Bell peppers of all kinds and colors are about to come into season. Coming up with uses for the harvest will be easier if you do a little pepper prep work first: Roast them.
Charring the skins allows the pepper flavor to deepen as the brief heating takes away that raw taste and softens the texture.
You can do the roasting in the oven, on the grill or under the broiler, in a hot skillet or griddle, or even directly on a gas burner. After peppers are charred, place in a covered container to steam briefly, peel off the skin and seed. For the best flavor, roast red bell peppers.
Perhaps the easiest way to use them is outlined by Alice Waters in 1996's "Chez Panisse Vegetables." The legendary Berkeley, Calif., restaurateur cuts the roasted peppers into strips, seasons with salt and pepper, drizzles on olive oil and marinates with a few garlic cloves and fresh basil leaves.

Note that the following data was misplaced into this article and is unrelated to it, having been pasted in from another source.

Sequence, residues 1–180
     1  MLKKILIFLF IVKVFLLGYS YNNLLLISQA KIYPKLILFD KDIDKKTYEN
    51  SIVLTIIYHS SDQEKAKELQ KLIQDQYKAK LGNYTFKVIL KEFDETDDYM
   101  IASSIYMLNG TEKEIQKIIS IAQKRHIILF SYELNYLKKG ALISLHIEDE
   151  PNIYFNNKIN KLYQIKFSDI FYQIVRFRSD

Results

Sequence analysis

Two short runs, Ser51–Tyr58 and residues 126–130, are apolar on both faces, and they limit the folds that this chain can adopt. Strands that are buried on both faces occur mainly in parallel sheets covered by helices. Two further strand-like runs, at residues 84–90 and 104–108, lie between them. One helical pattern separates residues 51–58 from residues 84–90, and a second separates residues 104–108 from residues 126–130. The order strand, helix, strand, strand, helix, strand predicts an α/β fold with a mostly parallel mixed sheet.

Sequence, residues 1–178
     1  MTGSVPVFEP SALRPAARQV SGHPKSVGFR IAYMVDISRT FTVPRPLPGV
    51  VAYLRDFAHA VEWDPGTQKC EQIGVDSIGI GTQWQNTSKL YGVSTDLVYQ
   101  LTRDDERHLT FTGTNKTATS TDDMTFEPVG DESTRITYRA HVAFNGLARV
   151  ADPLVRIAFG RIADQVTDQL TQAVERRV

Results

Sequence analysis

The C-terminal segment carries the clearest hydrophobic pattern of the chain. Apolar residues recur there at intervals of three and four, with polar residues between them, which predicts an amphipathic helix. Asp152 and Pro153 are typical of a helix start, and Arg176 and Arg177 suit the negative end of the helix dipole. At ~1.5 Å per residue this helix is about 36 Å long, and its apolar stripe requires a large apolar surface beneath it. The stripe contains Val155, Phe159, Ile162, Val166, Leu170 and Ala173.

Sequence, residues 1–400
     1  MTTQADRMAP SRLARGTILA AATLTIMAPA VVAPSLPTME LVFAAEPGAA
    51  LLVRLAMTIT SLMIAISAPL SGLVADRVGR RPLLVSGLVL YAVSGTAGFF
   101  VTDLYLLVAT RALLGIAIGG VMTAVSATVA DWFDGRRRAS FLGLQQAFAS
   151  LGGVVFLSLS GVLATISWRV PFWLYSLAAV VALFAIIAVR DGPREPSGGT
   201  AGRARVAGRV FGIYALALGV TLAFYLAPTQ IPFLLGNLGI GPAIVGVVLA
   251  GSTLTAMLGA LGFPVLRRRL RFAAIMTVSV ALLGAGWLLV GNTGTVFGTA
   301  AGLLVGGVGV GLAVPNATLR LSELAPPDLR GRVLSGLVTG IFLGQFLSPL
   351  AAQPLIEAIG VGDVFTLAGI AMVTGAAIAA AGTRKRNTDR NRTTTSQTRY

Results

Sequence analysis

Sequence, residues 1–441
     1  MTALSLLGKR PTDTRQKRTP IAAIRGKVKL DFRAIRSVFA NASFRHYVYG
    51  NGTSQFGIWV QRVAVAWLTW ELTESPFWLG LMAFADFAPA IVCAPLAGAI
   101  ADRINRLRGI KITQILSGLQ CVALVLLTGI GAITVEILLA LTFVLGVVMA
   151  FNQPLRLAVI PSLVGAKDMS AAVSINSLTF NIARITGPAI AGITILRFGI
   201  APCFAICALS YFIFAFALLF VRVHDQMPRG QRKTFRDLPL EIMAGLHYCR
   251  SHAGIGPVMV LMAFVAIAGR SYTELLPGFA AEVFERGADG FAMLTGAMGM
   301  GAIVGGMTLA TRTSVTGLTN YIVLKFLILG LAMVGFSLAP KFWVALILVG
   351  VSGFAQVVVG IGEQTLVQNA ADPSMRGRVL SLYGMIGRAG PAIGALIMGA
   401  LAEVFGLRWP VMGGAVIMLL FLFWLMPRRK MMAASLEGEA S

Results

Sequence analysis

Looking for other ways to use roasted peppers? Here are more suggestions from recently published cookbooks.
Grilled eggplant steaks: Brush eggplant slices with a vinaigrette made with olive oil, tamari, balsamic vinegar, garlic and oregano; grill. Char the peppers on the grill, peel when cool, cut into strips. Combine peppers with fresh basil, cubed feta, black olives and more vinaigrette. Spoon on top of grilled eggplant. "The Chefs Collaborative Cookbook" by the Chefs Collaborative and Ellen Jackson (Taunton Press, $40)
Mezze plate: Ring a dish of hummus with bowls containing strips of roasted red pepper, baba ganoush, tahini, crumbled feta cheese and whole wheat pitas and sliced cucumbers. "The Fresh 20" by Melissa Lanz (William Morrow, $24.99)
— Bill Daley, Tribune Newspapers